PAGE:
THE ADVANTAGES of a tax on land values — great as they already appear — cannot be fully appreciated until we consider the effect on the distribution of wealth.
All civilized countries have an unequal distribution of wealth that grows steadily worse. The cause, we have found, is that ownership of land provides greater and greater power to appropriate the wealth produced by labor and capital as material progress goes on. We can counteract this tendency by removing all taxes on labor and capital — and putting them on rent. If we went so far as to take all the rent in taxes, the cause of inequality would be totally destroyed.
Wealth produced in every community would be divided into two parts. One part would be distributed to individual producers — as wages and interest — according to what each had contributed to production. The other part — land rent collected as taxes — would go to the community as a whole. It would be distributed as public benefits to all members of that community. And justly so. Wages and interest represent the result of individual effort. Land rent represents the increased power that the community, as a whole, provides to the individual.
Rent, under this system, would promote equality, instead of causing inequality as it does now. To fully understand this effect, let's review some principles we have already determined.
Wages and interest are set by the margin of production — what can be made on land with no rent. Labor and capital keep only what is left after rent and taxes. Collecting rent through taxes would virtually abolish private ownership in land, because it would destroy speculative monopolization and reduce the price of land. This would increase wages and interest, by opening opportunities that are now monopolized. A new equilibrium would be established, with wages and interest much higher.
Productivity increases with population, with laborsaving invention, with improved methods of exchange. These benefits could no longer be monopolized. Any increase in rent arising from these advances would benefit the whole community. All would be richer, not just one class.
Further, if it were possible to calculate the full cost of poverty, it would be appalling. New York City alone spends over seven million dollars a year on charity. Yet spending by government, private charities, and individuals combined is merely the smallest item in the account. Consider the following items: the lost earnings of wasted labor; the social cost of reckless and idle habits; the appalling statistics on mortality, especially infant mortality, among the poor; the proliferation of liquor stores and bars as poverty deepens; the thieves, prostitutes, beggars, and tramps bred by poverty; and the cost of guarding society against them.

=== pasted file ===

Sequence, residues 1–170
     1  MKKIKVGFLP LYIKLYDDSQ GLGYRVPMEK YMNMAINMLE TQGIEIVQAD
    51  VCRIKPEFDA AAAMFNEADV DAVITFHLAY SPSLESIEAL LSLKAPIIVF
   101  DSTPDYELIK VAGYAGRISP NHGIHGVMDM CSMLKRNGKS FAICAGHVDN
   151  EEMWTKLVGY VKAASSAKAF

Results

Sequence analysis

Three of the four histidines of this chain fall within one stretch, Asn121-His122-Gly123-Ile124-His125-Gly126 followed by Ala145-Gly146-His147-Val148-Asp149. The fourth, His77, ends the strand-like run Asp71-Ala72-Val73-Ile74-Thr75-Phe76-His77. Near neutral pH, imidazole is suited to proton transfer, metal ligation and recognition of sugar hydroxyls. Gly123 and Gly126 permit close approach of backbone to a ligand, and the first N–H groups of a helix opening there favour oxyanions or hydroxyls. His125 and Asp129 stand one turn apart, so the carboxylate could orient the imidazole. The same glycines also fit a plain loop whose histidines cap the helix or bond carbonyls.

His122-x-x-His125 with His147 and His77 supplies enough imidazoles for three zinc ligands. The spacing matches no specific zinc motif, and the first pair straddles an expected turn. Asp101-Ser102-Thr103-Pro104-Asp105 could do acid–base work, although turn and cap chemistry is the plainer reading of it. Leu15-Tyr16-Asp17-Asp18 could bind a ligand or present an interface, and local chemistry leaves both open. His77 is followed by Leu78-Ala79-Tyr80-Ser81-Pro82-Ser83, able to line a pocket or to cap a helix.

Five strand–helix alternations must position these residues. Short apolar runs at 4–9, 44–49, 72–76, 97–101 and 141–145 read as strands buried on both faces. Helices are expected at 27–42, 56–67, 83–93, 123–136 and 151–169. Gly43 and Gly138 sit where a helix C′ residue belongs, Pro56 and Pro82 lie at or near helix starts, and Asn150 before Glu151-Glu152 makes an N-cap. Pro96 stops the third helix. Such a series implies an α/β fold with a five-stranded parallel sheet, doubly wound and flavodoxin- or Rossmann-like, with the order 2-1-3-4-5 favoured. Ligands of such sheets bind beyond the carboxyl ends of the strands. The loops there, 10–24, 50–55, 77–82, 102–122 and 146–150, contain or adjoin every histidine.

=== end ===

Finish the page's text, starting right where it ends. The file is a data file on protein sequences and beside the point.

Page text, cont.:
These are just part of the full burden that unjust distribution of wealth places on the aggregate society. The ignorance and vice produced by inequality show themselves in the stupidity and corruption of government, and the waste of public funds.
Appropriating rent for public purposes would not merely stop waste and relieve society of these enormous losses. Wages would rise and new avenues of employment would appear. Furthermore, it is well-known that labor is most productive where wages are highest. Higher wages increase self-respect, hope, and energy. This is true the world over. Mind, not muscle, is the greatest agent of production. The physical power evolved in the human frame is one of the weakest forces of nature. With human intelligence, matter becomes plastic to human will.
Who can say what level the wealth-producing capacity of labor might reach, if producers receive their fair share of its advantages? American invention and the American aptitude for laborsaving processes are the result of higher wages. Had our producers been condemned to the low reward of the Egyptian fellah or Chinese coolie, we would be drawing water by hand and transporting goods on our shoulders.
Increasing the reward of labor and capital would stimulate invention even further. The harmful effects of labor-saving machinery on workers would disappear. Currently, many people regard automation as a curse, not a blessing. By removing these defects, every new power would improve the condition of all.
The simple plan of taxation I propose would equalize the distribution of wealth, preventing waste and increasing productivity.
I shall not deny this may lessen the intensity with which wealth is pursued. It seems to me that in a society where no one fears poverty, no one would struggle and strain for great wealth, as people do now. Certainly the spectacle of people slaving away for the sake of dying rich is unnatural and absurd. In a society where fear of want had been removed, we would view those who acquire more than they can use as we now look on someone who wears a dozen hats.
Though we may lose this incentive, we can surely spare it. Whatever its function may have been in an earlier stage of development, it is not needed now. The dangers threatening our civilization do not come from weakness in production. They come from the unequal distribution of wealth.